U.S. intelligence eyes Pakistan with distrust. Osama bin Laden's death raid escalated tensions. Pakistan's ties to China are especially troubling.
WASHINGTON - In the days after the raid that killed Osama bin Laden, Pakistan's intelligence service probably allowed Chinese military engineers to examine the wreckage of a stealth American helicopter that crashed during the operation, according to U.S. officials and others familiar with the classified intelligence assessments.
Such cooperation with China would be provocative, providing further evidence of the depths of Pakistan's anger over the Bin Laden raid, which was carried out without Pakistan's approval. The operation, conducted in early May, also set off an escalating tit-for-tat scuffle between U.S. and Pakistani spies.
U.S. spy agencies have concluded that it is likely that Chinese military engineers -- at the invitation of Pakistani intelligence operatives -- took detailed photographs of the severed tail of the Black Hawk helicopter equipped with classified technology designed to elude radar, the officials said. The members of the Navy SEALs team who conducted the raid had tried to destroy the helicopter after it crashed at Bin Laden's compound in Abbottabad, but the tail section remained largely intact.
U.S. officials cautioned that they do not yet have definitive proof that the Chinese were allowed to visit to Abbottabad. They said that Pakistani officials had denied that they showed the advanced helicopter technology to foreign governments. One military official said Sunday that Pakistani officials had been directly confronted about the U.S. intelligence.
One person with knowledge of the intelligence assessments said the U.S. case was based mostly on intercepted conversations in which Pakistani officials discussed inviting the Chinese to the crash site. He characterized intelligence officials as being "certain" that Chinese engineers were able to photograph the helicopter and even walk away with samples of the stealth coating.
Pakistan has a close military relationship with China, and large numbers of Chinese engineers work at military bases inside Pakistan. Pakistani officials have even suggested that the Chinese navy might eventually build its own base along Pakistan's coastline.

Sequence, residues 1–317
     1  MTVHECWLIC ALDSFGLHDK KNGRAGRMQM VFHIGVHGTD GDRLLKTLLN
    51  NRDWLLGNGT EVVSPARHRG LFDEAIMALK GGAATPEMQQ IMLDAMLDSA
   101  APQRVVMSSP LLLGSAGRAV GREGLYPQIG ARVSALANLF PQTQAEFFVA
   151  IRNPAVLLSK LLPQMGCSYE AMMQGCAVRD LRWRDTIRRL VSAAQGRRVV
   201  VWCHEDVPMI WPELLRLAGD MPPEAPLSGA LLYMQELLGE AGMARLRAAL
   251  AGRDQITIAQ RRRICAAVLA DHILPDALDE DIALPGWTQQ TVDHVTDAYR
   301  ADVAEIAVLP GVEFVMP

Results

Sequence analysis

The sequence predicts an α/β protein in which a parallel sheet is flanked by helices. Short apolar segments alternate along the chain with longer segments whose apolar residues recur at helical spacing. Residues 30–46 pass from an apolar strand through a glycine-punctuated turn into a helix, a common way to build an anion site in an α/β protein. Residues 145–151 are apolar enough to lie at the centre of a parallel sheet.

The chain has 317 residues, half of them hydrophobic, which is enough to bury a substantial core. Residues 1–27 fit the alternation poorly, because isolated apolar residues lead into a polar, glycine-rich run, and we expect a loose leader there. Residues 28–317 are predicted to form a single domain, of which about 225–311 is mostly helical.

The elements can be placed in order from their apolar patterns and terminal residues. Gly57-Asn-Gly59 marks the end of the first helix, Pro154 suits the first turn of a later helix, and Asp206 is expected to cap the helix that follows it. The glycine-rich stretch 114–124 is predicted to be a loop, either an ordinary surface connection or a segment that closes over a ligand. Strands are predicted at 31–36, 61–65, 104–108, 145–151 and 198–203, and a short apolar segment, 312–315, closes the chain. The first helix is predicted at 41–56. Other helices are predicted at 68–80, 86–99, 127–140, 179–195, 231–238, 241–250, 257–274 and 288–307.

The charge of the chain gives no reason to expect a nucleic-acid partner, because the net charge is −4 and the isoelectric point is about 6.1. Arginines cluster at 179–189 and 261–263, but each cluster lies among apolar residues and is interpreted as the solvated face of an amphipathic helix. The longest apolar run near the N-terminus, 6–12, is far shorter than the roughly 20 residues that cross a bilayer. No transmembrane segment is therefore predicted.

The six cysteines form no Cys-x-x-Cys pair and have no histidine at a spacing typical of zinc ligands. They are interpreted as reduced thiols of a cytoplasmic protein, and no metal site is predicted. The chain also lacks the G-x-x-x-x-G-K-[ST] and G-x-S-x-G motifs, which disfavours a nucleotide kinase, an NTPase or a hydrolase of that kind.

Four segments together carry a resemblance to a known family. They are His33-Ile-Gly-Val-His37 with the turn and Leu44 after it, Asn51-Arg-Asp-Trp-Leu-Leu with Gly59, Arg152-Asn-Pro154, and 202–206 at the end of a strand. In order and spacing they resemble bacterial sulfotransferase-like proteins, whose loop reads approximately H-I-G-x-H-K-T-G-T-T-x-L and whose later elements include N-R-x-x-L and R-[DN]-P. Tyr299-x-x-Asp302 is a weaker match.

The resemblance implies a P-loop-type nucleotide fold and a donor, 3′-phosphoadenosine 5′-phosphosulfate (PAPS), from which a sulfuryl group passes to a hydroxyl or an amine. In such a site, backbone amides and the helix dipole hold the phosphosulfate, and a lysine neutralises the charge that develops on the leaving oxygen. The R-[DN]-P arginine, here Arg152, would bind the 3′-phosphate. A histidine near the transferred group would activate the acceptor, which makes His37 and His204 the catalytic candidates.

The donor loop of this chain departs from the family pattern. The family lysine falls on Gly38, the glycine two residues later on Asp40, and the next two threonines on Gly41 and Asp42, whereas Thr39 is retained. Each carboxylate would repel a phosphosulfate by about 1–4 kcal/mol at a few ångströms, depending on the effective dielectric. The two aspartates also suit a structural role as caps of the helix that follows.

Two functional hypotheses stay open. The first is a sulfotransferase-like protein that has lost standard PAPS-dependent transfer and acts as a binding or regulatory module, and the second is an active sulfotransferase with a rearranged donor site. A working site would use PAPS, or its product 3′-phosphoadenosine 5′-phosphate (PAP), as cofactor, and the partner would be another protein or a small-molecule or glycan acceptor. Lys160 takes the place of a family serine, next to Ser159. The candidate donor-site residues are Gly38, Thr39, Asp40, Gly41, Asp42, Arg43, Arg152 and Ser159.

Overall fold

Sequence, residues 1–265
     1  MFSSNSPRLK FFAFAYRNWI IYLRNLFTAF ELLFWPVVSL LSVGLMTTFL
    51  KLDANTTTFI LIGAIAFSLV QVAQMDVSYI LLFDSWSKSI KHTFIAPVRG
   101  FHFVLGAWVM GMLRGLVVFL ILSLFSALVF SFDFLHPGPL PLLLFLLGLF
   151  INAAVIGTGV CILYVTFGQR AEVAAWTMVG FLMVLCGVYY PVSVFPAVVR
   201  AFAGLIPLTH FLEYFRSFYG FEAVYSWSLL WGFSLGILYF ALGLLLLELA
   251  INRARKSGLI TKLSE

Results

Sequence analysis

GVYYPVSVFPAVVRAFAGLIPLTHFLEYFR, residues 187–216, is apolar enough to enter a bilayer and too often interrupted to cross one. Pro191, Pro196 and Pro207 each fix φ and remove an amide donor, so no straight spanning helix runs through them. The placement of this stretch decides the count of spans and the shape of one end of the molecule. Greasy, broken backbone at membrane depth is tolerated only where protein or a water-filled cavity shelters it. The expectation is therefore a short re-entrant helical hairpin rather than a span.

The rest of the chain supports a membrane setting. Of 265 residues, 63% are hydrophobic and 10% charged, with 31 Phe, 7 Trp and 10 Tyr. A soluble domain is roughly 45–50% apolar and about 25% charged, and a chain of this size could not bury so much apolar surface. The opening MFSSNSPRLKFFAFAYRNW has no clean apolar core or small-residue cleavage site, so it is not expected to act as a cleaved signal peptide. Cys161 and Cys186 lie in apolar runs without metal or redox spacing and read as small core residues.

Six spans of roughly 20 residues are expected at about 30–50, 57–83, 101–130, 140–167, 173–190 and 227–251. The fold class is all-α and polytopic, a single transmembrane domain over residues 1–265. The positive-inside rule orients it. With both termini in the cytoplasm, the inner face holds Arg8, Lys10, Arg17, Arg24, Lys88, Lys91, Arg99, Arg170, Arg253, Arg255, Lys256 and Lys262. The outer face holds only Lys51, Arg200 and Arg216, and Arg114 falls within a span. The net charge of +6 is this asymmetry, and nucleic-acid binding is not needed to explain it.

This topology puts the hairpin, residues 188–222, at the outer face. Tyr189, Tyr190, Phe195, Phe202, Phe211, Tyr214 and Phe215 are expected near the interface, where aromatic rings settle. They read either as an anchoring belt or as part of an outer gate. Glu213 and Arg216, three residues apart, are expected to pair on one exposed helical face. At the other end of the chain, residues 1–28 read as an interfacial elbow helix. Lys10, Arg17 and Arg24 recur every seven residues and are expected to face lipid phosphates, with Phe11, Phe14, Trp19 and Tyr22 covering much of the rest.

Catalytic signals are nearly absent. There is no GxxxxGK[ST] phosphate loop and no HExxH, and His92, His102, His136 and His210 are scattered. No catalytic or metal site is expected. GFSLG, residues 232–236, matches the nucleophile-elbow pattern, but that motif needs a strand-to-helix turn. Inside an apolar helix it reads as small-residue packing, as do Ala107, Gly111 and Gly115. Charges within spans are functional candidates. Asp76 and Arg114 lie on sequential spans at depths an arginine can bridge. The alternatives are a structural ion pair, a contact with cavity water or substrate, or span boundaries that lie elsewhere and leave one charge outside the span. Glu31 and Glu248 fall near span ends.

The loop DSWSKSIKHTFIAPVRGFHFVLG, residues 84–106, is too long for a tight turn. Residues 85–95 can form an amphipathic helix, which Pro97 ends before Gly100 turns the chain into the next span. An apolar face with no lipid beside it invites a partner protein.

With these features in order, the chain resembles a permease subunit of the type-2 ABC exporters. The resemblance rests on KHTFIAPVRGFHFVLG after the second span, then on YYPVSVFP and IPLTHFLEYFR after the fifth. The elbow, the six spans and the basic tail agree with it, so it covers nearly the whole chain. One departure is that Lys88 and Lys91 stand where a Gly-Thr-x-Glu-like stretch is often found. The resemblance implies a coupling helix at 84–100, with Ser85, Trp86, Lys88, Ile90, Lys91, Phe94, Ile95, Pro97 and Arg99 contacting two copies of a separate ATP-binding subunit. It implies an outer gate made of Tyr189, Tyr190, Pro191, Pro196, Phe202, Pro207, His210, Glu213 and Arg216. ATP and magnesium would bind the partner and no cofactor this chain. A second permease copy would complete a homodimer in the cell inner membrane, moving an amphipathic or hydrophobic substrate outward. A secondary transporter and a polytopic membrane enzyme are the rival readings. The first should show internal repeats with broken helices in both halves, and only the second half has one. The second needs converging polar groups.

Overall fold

Several Pakistani officials reached Sunday declined to comment. The U.S. assessments were disclosed Sunday by the Financial Times. The newspaper cited Pakistani officials who denied the accusations.
When pictures of the helicopter's tail emerged in the days after the Bin Laden raid, defense experts said it bore little resemblance to a standard Black Hawk helicopter. They said that the helicopter in Abbottabad appeared to have a special coating designed to elude air defenses and that the Black Hawk's sharp edges seemed to have been replaced with curved parts that could further confuse ground radar systems.
Pakistan's anger about the Bin Laden operation was so intense that officials in Islamabad, the capital, hinted in news reports in May that they might allow the Chinese to see the helicopter wreckage, but it was unclear at the time whether Pakistan's government might follow through on the veiled threats. Pakistani officials also made a high-profile trip to Beijing shortly after the Abbottabad raid, part of a not-so-subtle campaign to show the strength of Pakistan's alliance with China amid faltering relations between Washington and Islamabad.
The relationship between the spy services began fraying in the months before the Bin Laden raid, after a CIA contractor was charged with murder and jailed in Lahore. The contractor, Raymond Davis, killed two men at a crowded traffic stop in Lahore in January, in what U.S. officials described as an act of self- defense after the two men tried to rob Davis.
Davis was eventually released from jail, but U.S. relations with Pakistan declined steadily in subsequent weeks and sank even lower after the Bin Laden raid.
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